3. Skipping the withdrawal bleed actually improves the efficacy of the pill as a contraception.

4. If you’ve got concerns about your cycle, concerning symptoms e.g. mid-cycle pain, severe cramping or other worries, seeing a GP with a specific interest in women’s health will be beneficial, or of course a specialist.

Running in pregnancy and contraception in runners/athletes;

1. Athletes at risk of REDS-s are advised against hormonal contraception such as the pill as it may mask REDS-s

2. Non-hormonal contraception methods are either barrier; condoms or diaphragm or copper IUD.

3. Alternatively, the Mirena does not always stop ovulation and may be suitable or alt being on the pill but going off every 6 months to monitor if normal ovulation returns.

4.The pill is not advised for bone health protections in REDs and an estrogen patch is recommended.

5. Exercise is great in pregnancy (decreases chance of pre-eclampsia, gestational diabetes, labour complications, pre/post-natal depression + more) but it’s important to listen to your body and keep the intensity moderate. If you’ve never been a runner, you shouldn’t take up running during pregnancy but runners can continue to run. If you have not been physically active but want to during your pregnancy, this is safe but needs to be done slowly and under medical advice.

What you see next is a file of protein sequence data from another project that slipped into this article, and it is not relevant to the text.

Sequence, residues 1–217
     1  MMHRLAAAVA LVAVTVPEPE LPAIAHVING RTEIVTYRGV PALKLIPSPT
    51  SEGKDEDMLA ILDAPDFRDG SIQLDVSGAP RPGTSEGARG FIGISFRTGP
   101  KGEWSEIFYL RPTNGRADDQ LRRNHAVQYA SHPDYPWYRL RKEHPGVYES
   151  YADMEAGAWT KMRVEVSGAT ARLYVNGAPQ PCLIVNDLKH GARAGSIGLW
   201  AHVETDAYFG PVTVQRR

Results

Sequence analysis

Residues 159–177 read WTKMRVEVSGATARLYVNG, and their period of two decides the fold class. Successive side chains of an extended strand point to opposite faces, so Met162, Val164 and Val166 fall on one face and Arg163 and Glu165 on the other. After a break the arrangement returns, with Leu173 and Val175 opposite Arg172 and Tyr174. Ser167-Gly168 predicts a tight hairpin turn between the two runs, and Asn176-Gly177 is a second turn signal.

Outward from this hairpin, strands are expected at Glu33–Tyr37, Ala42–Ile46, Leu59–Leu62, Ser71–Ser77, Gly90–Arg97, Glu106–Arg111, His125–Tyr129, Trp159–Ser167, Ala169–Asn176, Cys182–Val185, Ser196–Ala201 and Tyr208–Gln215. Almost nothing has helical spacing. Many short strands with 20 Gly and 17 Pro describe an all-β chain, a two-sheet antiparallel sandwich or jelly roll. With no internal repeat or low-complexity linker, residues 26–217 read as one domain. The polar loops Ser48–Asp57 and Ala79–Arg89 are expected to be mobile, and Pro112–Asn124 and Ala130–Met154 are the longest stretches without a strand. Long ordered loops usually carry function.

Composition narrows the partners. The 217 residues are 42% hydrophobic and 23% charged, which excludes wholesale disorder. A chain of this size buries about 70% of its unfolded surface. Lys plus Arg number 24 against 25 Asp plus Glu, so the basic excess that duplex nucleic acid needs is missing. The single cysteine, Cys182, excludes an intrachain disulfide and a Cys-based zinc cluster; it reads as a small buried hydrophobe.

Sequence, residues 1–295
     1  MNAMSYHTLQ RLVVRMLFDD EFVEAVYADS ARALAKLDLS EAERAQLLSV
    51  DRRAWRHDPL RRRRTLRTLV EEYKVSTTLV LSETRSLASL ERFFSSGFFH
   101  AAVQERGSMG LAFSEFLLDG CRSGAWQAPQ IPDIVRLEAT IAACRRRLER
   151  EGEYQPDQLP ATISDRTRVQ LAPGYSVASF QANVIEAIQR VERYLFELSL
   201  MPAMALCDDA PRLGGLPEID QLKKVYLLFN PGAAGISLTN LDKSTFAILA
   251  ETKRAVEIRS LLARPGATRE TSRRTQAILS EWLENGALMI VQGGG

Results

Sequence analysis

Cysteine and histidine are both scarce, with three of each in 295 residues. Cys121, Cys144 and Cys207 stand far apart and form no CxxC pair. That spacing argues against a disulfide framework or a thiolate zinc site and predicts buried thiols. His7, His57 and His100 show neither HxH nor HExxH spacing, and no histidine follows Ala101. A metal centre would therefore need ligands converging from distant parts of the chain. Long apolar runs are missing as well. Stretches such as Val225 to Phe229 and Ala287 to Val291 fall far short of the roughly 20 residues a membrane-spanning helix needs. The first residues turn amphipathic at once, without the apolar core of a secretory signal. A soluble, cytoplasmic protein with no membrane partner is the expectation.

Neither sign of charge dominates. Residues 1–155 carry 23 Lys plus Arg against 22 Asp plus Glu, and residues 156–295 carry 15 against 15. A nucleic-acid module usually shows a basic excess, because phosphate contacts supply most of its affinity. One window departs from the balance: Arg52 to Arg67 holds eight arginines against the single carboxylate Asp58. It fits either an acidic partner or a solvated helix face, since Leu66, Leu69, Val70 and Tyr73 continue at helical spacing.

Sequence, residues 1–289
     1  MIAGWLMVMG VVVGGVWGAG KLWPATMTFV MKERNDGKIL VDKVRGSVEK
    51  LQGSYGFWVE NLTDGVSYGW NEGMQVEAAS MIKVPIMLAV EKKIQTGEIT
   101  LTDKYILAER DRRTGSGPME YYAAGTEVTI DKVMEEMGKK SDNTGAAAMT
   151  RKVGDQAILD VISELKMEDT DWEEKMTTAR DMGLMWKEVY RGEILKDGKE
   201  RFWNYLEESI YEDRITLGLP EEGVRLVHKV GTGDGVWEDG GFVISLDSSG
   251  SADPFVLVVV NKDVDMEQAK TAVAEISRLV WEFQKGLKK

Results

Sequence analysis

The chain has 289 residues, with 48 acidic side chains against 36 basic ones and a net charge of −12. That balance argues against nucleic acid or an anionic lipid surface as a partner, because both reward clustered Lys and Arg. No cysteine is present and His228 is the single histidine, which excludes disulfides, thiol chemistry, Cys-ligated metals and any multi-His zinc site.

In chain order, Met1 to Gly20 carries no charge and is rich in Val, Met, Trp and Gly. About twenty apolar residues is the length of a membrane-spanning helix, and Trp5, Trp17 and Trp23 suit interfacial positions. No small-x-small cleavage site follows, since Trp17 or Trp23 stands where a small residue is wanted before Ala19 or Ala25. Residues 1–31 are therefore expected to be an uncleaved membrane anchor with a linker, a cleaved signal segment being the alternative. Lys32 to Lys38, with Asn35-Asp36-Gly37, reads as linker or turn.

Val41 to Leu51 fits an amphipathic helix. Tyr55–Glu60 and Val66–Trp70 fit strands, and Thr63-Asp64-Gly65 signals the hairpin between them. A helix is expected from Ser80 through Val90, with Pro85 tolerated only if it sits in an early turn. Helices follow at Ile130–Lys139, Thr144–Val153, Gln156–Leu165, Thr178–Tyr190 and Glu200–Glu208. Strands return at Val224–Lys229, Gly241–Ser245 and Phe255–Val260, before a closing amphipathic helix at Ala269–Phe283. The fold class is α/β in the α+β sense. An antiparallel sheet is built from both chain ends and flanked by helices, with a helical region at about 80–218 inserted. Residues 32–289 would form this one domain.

6. Running in pregnancy is safe for the baby until full term/the entire pregnancy although physically most people will find at some point it will become uncomfortable.

7. Impact on pelvic floor and running in pregnancy is unclear. Some Women’s health physios advise that in later stages of pregnancy the baby’s head bouncing on the pelvic floor likely damages the pelvic floor and could increase the chance of complications down the track such as prolapse. On the other hand, some women run to full term (including some very famous runners who’ve done amazing marathon times) and don’t have any problems. More evidence is needed and if you’re a keen runner or athlete, seeing a pelvic floor physio at the start of your pregnancy is a great idea!

Stay tuned for next insta live with Dr Bronwyn and Dr Izzy!